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Doc. 24.-letter of Cornelius Vanderbilt. New York, May 14, 1861. Dear sir:--Being informed that you are about making a visit to Washington, I take the liberty of asking the favor of you to lay before the Government the enclosed proposition, which I addressed to the Hon. Gideon Welles, Secretary of the Navy, under date of the 20th ultimo. To this proposition I have received no reply, and I attribute this to the multiplicity of business which has engrossed the attention of the department. You are authorized to renew this proposition, with such additions thereto as are hereinafter set forth. I feel a great desire that this Government should have the steamer Vanderbilt, as she is acknowledged to be as fine a ship as floats the ocean, and, in consequence of her great speed and capacity, that, with a proper armament, she would be of more efficient service in keeping our coast clear of piratical vessels than any other ship. Therefore, you are authorized to say, in my behalf, th
Rebellion Record: a Diary of American Events: Documents and Narratives, Volume 2. (ed. Frank Moore), Doc. 55.-the fight at Matthias point. (search)
nd and bravely waved it over his head. A copy of the surgeon's report of casualties is herewith enclosed. The wounded have been removed to the hospital. I also enclose copies of orders addressed to Lieutenant Lowry. Lieutenant Chaplin's report of the affair is not yet ready. When it is presented I shall forward a copy for the information of the department. I have the honor to be, very respectfully, your obedient servant, J. C. Rowan, Camp and Senior Officer of the Potomac, Hon. Gideon Welles, Secretary of the Navy, Washington. Surgeon's report. United States steam sloop Pawnee, Potomac River, June 27, 1861. sir:--I have to report the following casualties resulting from the action at Matthias Point this afternoon: Killed 1.--Commander J. H. Ward, commanding flotilla; gunshot wound of abdomen, almost immediately fatal. Wounded dangerously 2.--1. William J. Best, O. S., belonging to the Pawnee; gunshot wound, fracturing both bones of left leg; a second gunsh
d to help execute the laws, but to contribute in upholding the Government itself against a great conspiracy, I did not hesitate, under your direction, to add to its strength and efficiency by chartering, purchasing, building, equipping, and manning vessels, expanding the organization and accepting the tender of services from patriotic individuals, although there may be no specific legal enactment for some of the authority that has been exercised. Submitted herewith are supplemental estimates from the several bureaus to meet deficiencies in the appropriations for the naval service for the fiscal year just closed, and for the year ending June 30, 1862. The appropriations for the fiscal year ending June 30, 1862, amount in the aggregate to $13,18,675 86. The estimates now submitted amount to $30,609,520 29. For a detailed statement of these estimates I refer to the reports of the chiefs of the bureaus. Gideon Welles, Secretary of the Navy. To the President of the United States.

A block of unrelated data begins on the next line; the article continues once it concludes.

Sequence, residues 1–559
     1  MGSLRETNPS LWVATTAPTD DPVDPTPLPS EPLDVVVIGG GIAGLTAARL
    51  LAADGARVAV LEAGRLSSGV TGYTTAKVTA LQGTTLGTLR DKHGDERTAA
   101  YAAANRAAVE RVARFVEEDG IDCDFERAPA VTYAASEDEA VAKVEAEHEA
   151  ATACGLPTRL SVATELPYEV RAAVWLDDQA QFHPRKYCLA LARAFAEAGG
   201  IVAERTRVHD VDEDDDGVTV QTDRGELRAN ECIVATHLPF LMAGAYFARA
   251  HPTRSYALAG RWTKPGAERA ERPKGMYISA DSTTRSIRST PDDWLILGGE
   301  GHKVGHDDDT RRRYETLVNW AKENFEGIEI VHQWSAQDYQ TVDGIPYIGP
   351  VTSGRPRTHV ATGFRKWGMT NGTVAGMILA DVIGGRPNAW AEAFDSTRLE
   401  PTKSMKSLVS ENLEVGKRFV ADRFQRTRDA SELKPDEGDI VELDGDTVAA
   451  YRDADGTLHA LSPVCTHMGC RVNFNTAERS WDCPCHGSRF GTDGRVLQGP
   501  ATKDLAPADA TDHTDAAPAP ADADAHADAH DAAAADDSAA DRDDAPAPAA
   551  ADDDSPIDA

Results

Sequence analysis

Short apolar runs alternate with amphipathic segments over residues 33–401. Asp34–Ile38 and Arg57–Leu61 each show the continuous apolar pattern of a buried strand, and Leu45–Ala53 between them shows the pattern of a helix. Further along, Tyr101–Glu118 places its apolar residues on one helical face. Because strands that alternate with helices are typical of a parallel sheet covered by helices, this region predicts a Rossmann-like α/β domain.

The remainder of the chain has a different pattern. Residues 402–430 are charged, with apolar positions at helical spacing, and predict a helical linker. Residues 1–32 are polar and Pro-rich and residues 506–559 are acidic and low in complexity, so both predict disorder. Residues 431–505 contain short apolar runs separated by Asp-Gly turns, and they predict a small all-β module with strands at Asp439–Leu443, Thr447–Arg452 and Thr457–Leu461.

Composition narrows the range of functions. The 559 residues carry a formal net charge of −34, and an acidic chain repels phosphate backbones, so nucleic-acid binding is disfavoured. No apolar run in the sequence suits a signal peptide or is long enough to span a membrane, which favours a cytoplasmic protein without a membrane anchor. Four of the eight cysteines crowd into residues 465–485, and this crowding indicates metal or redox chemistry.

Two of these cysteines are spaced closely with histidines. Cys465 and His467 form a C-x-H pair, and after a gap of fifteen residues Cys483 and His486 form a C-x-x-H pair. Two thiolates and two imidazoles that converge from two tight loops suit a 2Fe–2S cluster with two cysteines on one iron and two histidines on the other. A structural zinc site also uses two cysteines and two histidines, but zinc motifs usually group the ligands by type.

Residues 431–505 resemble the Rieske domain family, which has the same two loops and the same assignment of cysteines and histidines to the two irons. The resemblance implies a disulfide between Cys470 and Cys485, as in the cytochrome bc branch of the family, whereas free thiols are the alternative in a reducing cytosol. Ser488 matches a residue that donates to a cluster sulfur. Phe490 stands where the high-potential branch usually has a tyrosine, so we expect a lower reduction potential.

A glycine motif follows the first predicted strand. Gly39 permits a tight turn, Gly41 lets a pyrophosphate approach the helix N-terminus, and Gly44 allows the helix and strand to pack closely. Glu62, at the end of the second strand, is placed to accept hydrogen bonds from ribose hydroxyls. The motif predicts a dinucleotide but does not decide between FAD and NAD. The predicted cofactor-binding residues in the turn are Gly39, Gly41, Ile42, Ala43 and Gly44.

Aquia Creek, August 16, 1861. sir: This morning, at about eleven o'clock, I despatched the steamers Resolute and Reliance to make a reconnoissance off Matthias Point. At about three P. M., the Resolute, Acting-Master Budd, returned to this anchorage and made this report, which is herewith enclosed. I have ordered Mr. Budd to proceed with his dead and wounded to the Navy Yard. Very respectfully, your obedient servant, Thomas S. Craven, Commander, Commanding the Potomac Flotilla. Hon. Gideon Welles, Secretary of the Navy, Washington. United States steamer Resolute, August 16, 1861. sir: In obedience to your orders I proceeded down the river to make an examination of Matthias Point and the intermediate vicinity. Nothing indicating a hostile movement could be discovered at or about the Point. Hearing that a schooner was ashore at Lower Cedar Point I thought it advisable to go down to her and get her off if possible. A boat was seen on the Virginia shore a short distance this
Rebellion Record: a Diary of American Events: Documents and Narratives, Volume 2. (ed. Frank Moore), Doc. 206.-U. S. Executive Government, 1861-65. (search)
Doc. 206.-U. S. Executive Government, 1861-65. Abraham Lincoln, of Ill., President. Hannibal Hamlin, of Me., Vice-President. Secretary of State.--William H. Seward, of N. Y. Secretary of Treasury.--Salmon P. Chase, of Ohio. Secretary of Interior.--Caleb B. Smith, of Indiana. Secretary of Navy.--Gideon Welles, of Conn. Secretary of War.--Simon Cameron, of Penn. Attorney-General.--Edward Bates, of Mo. P. M. General.--Montgomery Blair, of Mo.